Tag Archives: The Academy

Salting the earth with hypocrisy.

It’s the last week of classes, and my course announcements, as usual, have stacked up like this:

Hey class,
Due to travel hazards/laryngitis/an ongoing family emergency/my sick cat, I will be unable to attend class today. As such, I will record a lecture in advance of our meeting time and hang out in the chat room during class to field any questions you might have about the material. As always, you can email me directly with comments.
Prof. Mani

Also featured are stories of delays: #NJTransit and #PennStation have trended at least twice this month due to massive breakdowns, delays, and crowd control issues. After a NJTransit train derailed on Monday, April 3, damaging switches and rails, train delays and cancellations, platform crowding, and overflow trains infected the entire week, including the Tuesday and Thursday I commute to Rutgers for a 2:2 course load. At Penn Station, Amtrak, LIRR, and NJTransit were all affected. According to news reports and angry commuters on Twitter, the less crowded Penn Station’s platforms and trains looked like this:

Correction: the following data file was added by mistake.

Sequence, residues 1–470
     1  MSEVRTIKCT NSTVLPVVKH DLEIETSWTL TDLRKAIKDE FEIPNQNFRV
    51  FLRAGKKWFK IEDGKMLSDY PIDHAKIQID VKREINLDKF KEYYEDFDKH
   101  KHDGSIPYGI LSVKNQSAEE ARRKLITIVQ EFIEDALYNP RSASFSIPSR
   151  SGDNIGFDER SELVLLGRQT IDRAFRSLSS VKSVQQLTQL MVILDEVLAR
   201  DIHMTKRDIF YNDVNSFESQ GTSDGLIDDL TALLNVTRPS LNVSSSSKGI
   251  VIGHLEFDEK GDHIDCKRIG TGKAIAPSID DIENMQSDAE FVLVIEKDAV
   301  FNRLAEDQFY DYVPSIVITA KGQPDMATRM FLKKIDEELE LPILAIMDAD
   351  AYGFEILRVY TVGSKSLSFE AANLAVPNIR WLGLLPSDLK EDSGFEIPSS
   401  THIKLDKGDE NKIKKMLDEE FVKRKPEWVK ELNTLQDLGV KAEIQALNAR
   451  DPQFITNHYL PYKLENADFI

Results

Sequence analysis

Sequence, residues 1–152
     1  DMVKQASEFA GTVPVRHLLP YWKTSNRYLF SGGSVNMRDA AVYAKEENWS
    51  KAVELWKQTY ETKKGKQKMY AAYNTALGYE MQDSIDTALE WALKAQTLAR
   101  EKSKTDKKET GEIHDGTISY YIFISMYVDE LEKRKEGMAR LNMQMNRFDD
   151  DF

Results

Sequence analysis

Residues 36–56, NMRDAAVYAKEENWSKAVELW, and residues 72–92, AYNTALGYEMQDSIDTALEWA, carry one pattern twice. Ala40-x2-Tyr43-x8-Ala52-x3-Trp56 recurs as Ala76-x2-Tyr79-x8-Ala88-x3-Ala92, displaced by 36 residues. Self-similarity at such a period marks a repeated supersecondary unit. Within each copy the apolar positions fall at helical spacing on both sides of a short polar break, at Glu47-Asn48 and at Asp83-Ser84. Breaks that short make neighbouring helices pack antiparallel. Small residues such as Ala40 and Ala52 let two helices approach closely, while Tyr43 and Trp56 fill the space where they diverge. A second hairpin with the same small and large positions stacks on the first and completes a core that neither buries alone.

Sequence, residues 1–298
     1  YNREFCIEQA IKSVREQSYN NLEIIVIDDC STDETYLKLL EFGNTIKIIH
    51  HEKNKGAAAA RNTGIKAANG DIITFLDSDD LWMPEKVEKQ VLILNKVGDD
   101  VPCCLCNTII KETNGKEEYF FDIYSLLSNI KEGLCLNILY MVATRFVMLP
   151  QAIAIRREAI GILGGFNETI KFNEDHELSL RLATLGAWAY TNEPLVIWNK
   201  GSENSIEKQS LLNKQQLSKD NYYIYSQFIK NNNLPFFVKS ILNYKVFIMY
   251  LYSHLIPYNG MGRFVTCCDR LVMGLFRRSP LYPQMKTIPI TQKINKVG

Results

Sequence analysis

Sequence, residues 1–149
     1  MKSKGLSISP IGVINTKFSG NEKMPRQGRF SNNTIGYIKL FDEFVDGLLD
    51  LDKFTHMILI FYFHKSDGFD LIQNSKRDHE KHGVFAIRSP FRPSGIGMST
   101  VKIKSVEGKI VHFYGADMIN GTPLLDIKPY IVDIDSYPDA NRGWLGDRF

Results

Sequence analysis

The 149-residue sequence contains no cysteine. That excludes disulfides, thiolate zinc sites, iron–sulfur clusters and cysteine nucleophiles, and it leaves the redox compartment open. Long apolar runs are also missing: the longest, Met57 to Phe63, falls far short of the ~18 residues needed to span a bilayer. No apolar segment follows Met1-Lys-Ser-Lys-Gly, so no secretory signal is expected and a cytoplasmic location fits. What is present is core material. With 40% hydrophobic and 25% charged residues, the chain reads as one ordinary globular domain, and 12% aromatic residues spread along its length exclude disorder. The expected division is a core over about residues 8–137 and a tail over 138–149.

That’s hours of delays, jostling shoulder to shoulder on the platform, followed by a standing-room only commute for an hour on the Northeast Corridor.

Thousands of commuters were doing this, so I couldn’t say it wasn’t doable. But I didn’t do it. I cancelled my Rutgers classes that week, citing only my concerns that I wouldn’t arrive on time, and we wouldn’t be able to hold class anyway.

This was true, but it wasn’t the real reason.

Coincidentally, after I returned to campus I heard from a former student that I have a reputation for canceling, and I’ve been trying to dismiss my concerns about it because I’m not sure I get to be defensive. Like a good faculty member, I am dishonest with my students about my reasons, despite insisting they be honest with me about theirs. I lie because, as long as I can power through without dying mid-lecture, the truth sounds like an excuse. I’m in pain. I’m exhausted. I just can’t.

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Anamnesis with 15 Cites.